Who is Bernard Phelan, the Irish-French national released from jail in Iran?

Phelan, who lives in Paris with his husband, Roland Bonello, was working for an Iranian tour operator when he was detained seven months ago on charges of spying

Bernard Phelan grew up in Stillorgan, Co Dublin. His parents sent him on an exchange to Saint-Malo in Brittany when he was 12, to learn French. “That was the beginning of my love for France,” he says.

In 1986, Phelan moved to Paris to work for Tourism Ireland. “Our family were an Irish brain drain. My brother Declan, who has passed away, moved to Germany. My sister Caroline followed me to Paris and is still here.”

In 2003, Phelan met the love of his life in the Marais, Paris’s gay neighbourhood. “We had a coup de foudre,” says Roland Bonello, looking across the table at Phelan. “Love at first sight,” adds Phelan. They concluded a civil union known as a Pacs in 2006 and married in 2014, soon after same-sex marriage was legalised.

Phelan’s marriage to Bonello was a conundrum for family and friends who campaigned for his release from prison in Iran. When I met Bonello at an evening of solidarity for Phelan at the Centre Culturel Irlandais in March, we agreed that I would identify him only as a close friend. It was feared that Phelan would be ill-treated if his sexual orientation became known to Iranian authorities.


When Phelan was transferred to prison in Mashhad after several weeks in interrogation centres last October, a particularly sinister interrogator was sent from Tehran to question him.

“I called him Henri. He spoke French perfectly,” says Phelan. “He was a horrible guy. He wore white latex gloves and you could see black hairs through them. He corrected my French grammar, to intimidate me.”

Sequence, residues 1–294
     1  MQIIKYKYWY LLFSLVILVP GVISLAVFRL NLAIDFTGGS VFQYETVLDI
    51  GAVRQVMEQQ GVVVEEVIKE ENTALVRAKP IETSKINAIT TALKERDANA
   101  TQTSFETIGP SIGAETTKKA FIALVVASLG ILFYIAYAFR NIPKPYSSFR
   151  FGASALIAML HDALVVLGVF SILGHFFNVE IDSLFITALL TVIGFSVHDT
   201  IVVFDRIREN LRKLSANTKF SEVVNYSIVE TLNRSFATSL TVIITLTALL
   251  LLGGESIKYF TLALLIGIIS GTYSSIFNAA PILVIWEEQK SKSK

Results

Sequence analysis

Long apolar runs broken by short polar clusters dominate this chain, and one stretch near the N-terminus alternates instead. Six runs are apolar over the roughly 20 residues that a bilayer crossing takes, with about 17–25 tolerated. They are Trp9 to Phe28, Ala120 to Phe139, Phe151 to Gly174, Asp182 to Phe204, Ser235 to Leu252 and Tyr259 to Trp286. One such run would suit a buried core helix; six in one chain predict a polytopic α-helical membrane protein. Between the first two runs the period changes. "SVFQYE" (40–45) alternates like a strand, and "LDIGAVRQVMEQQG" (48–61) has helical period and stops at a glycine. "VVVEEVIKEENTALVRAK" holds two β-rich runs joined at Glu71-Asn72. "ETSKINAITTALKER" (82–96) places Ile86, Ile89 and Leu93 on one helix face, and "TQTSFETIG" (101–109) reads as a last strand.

Henri asked Phelan if he was married. “I said Yes.” “What is the name of your wife?” Henri asked then. “I told him my husband is called Roland Bonello.”

Wasn’t that a rash thing to do? “Sexuality is complicated in Iran,” Phelan explains. “Officially, homosexuality does not exist.” The hardline former president Mahmoud Ahmadinejad told students at Columbia University in 2007 that there were no homosexuals in Iran.

The late Ayatollah Khomeini, the father of the Iranian revolution, even issued a fatwa allowing transgender people to undergo surgery. Yet homosexual acts, male or female, can be punished if proven. Men have been hanged for sodomy.

Henri “didn’t bat an eyelash” when told of his marriage to a man, Phelan says. “I was surprised by his reaction. Henri asked me if we had thought of adopting children. I said no, because I’m a little old for that and it hasn’t been that long since the mariage pour tous (same-sex marriage) law in France.”

Henri then noted that the LGBT lobby was very powerful in Europe. “They didn’t want to be seen to be persecuting gays,” Phelan says. “It was another arm in case things got bad.”

“I think they were afraid to add to the revolt they were already facing [over the death of Mahsa Amini in police custody and discrimination against women],” Bonello says. “They didn’t want Iran to be called homophobic as well.”

Iranian interrogators had found references to the Cox Bar in the Marais, of which Phelan owns 50 per cent, in his computer. “The bar is 35 years old. It’s historic,” Phelan says. “We were the first bar to persuade Amnesty to join French Gay Pride. We did events for Ukraine, for other minorities.

“I was afraid the fact that we were talking to NGOs would upset the Iranians… I tried to keep it quiet, not because the bar is gay, but because we are militant.”

Lara Marlowe

Lara Marlowe

Lara Marlowe is an Irish Times contributor